Please to commence to spiral

It was interesting to observe the reactions by many commenters yesterday to information that happened to challeng some of their assumptions about the world. Now, rather than resorting to simple Boomer “how dare you” rhetoric, let’s simply look at this pair of photographs logically. I don’t know about you, but I can think of at least seven obvious possible explanations for this apparent anomaly:

  1. There were other boots used by the Apollo astronauts with different treads.
  2. There were other humans on the Moon who were not Apollo astronauts.
  3. There were aliens on the Moon! Aliens that wear boots and have feet roughly the size of a man’s foot.
  4. Photoshop!
  5. The second photograph was not taken on the Moon and the bootprint was left by a studio technician wearing boots with different treads than those worn by the fake astronauts.
  6. One of the astronauts drew the alternate bootprint with his finger.
  7. A studio technician drew the alternate bootprint with his finger.
Now, how do you rank the probabilities of these seven alternative scenarios? And what do you think this pair of photos proves?

UPDATE: I think it looks a bit like someone with a moon boot stepped on top of a track left by the herringbone-tread wheel of the lunar rover, except the track ends and, at least in this photo, only half of the track appears to be present.

Aquinas on nation vs state

Yet another proof, if another one was required, to prove that the nation is not and can never be the state. Contemplate Summa Theologica Question 95. Human Law Article 4.

Article 4. Whether Isidore’s division of human laws is appropriate?

Objection 1. It would seem that Isidore wrongly divided human statutes or human law (Etym. v, 4, seqq.). For under this law he includes the “law of nations,” so called, because, as he says, “nearly all nations use it.” But as he says, “natural law is that which is common to all nations.” Therefore the law of nations is not contained under positive human law, but rather under natural law.
Objection 2. Further, those laws which have the same force, seem to differ not formally but only materially. But “statutes, decrees of the commonalty, senatorial decrees,” and the like which he mentions (Etym. v, 9), all have the same force. Therefore they do not differ, except materially. But art takes no notice of such a distinction: since it may go on to infinity. Therefore this division of human laws is not appropriate.
Objection 3. Further, just as, in the state, there are princes, priests and soldiers, so are there other human offices. Therefore it seems that, as this division includes “military law,” and “public law,” referring to priests and magistrates; so also it should include other laws pertaining to other offices of the state.
Objection 4. Further, those things that are accidental should be passed over. But it is accidental to law that it be framed by this or that man. Therefore it is unreasonable to divide laws according to the names of lawgivers, so that one be called the “Cornelian” law, another the “Falcidian” law, etc.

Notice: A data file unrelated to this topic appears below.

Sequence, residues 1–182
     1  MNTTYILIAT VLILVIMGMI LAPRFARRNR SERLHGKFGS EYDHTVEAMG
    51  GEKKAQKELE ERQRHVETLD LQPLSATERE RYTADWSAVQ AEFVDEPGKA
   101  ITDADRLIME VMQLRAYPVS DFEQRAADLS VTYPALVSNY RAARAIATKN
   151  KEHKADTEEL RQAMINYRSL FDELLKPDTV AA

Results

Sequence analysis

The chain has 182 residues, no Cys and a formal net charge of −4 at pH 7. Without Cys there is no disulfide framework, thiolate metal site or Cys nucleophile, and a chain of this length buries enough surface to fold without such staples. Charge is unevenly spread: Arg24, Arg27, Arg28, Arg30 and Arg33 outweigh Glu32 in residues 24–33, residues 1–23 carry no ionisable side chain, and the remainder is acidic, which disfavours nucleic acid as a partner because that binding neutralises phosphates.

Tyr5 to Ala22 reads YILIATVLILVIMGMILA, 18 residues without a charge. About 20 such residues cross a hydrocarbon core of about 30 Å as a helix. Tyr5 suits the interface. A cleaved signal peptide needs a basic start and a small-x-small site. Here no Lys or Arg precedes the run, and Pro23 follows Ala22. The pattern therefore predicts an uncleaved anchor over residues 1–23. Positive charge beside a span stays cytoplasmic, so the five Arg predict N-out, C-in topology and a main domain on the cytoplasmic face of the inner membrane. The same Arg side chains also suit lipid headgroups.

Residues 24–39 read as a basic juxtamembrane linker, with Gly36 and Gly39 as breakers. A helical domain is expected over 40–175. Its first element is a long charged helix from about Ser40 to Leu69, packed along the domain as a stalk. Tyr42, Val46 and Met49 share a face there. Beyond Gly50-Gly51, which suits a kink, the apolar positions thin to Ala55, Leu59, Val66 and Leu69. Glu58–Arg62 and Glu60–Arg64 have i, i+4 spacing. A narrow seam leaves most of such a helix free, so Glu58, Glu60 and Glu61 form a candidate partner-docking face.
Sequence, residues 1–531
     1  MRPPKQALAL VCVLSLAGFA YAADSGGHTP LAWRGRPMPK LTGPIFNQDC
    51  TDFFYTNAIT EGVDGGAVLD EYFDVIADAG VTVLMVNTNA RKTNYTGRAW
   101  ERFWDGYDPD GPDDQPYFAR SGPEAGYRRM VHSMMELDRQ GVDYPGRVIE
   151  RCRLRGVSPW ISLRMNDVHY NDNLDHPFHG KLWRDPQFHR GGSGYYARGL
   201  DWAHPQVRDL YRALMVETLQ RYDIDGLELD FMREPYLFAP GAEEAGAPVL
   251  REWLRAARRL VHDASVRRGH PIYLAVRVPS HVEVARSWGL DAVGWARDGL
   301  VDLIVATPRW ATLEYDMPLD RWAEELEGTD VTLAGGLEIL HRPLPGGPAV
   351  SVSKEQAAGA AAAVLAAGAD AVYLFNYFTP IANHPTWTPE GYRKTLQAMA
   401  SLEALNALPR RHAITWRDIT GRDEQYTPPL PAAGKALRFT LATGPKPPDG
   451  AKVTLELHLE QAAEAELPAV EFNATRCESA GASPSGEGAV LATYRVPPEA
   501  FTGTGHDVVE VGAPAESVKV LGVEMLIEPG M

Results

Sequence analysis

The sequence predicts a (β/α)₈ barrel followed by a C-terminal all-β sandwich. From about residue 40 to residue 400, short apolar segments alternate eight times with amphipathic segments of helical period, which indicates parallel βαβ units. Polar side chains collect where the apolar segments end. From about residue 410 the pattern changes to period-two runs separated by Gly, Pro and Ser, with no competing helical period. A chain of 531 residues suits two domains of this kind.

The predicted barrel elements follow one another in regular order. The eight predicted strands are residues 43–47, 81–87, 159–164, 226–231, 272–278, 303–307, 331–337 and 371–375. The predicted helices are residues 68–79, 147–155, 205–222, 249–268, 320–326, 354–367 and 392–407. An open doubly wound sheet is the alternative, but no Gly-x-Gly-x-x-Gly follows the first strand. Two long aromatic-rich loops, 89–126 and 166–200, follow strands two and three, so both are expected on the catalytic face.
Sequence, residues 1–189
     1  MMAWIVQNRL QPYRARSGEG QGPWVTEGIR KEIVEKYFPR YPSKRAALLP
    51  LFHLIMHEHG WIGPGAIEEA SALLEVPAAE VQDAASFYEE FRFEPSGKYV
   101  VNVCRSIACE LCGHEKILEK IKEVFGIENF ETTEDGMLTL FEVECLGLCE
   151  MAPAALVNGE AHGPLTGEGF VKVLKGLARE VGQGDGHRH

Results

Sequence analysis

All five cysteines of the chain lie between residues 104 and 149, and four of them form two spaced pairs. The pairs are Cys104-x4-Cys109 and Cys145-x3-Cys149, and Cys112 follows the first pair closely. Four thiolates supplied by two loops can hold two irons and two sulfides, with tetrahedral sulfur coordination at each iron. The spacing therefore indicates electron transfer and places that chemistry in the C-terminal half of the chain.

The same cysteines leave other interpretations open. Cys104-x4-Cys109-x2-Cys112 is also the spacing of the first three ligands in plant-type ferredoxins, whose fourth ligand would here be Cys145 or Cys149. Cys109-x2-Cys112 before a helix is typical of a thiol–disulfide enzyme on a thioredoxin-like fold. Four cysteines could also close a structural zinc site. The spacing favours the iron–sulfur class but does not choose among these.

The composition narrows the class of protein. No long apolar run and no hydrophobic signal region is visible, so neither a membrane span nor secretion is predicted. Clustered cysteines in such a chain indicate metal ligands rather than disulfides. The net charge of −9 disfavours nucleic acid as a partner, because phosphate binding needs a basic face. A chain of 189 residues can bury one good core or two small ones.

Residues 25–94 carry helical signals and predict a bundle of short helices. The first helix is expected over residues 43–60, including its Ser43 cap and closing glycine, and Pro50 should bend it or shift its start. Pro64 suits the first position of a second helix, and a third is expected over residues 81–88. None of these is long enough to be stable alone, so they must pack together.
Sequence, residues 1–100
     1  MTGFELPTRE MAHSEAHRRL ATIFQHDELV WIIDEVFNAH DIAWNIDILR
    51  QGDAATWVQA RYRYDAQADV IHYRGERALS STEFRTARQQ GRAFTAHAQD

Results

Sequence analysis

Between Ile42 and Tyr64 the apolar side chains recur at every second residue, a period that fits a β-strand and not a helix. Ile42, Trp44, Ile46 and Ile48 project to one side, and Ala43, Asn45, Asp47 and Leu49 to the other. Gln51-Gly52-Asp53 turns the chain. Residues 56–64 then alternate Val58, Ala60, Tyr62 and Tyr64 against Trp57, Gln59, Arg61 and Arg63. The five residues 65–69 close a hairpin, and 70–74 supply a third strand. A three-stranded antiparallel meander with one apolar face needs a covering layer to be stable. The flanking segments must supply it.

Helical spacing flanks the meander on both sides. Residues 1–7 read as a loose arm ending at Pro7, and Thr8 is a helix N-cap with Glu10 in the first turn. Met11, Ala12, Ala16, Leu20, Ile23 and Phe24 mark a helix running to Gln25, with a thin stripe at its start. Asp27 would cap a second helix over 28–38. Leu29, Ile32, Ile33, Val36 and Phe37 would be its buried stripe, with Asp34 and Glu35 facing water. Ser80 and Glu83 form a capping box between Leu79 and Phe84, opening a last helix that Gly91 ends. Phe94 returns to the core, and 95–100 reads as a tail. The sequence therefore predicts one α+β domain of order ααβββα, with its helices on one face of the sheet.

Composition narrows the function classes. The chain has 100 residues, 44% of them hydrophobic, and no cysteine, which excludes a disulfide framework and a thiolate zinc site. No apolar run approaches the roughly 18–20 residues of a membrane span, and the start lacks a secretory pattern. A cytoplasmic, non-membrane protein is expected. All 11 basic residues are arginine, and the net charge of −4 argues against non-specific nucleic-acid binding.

On the contrary, The authority of Isidore (Objection 1) suffices.
I answer that, A thing can of itself be divided in respect of something contained in the notion of that thing. Thus a soul either rational or irrational is contained in the notion of animal: and therefore animal is divided properly and of itself in respect of its being rational or irrational; but not in the point of its being white or black, which are entirely beside the notion of animal. Now, in the notion of human law, many things are contained, in respect of any of which human law can be divided properly and of itself. For in the first place it belongs to the notion of human law, to be derived from the law of nature, as explained above (Article 2). In this respect positive law is divided into the “law of nations” and “civil law”, according to the two ways in which something may be derived from the law of nature, as stated above (Article 2). Because, to the law of nations belong those things which are derived from the law of nature, as conclusions from premises, e.g. just buyings and sellings, and the like, without which men cannot live together, which is a point of the law of nature, since man is by nature a social animal, as is proved in Polit. i, 2. But those things which are derived from the law of nature by way of particular determination, belong to the civil law, according as each state decides on what is best for itself.
Secondly, it belongs to the notion of human law, to be ordained to the common good of the state. In this respect human law may be divided according to the different kinds of men who work in a special way for the common good: e.g. priests, by praying to God for the people; princes, by governing the people; soldiers, by fighting for the safety of the people. Wherefore certain special kinds of law are adapted to these men.
Thirdly, it belongs to the notion of human law, to be framed by that one who governs the community of the state, as shown above (I-II:90:3). In this respect, there are various humanlaws according to the various forms of government. Of these, according to the Philosopher (Polit. iii, 10) one is “monarchy,” i.e. when the state is governed by one; and then we have “Royal Ordinances.” Another form is “aristocracy,” i.e. government by the best men or men of highest rank; and then we have the “Authoritative legal opinions” [Responsa Prudentum] and “Decrees of the Senate” [Senatus consulta]. Another form is “oligarchy,” i.e. government by a few rich and powerful men; and then we have “Praetorian,” also called “Honorary,” law. Another form of government is that of the people, which is called “democracy,” and there we have “Decrees of the commonalty” [Plebiscita]. There is also tyrannical government, which is altogether corrupt, which, therefore, has no corresponding law. Finally, there is a form of government made up of all these, and which is the best: and in this respect we have lawsanctioned by the “Lords and Commons,” as stated by Isidore (Etym. v, 4, seqq.).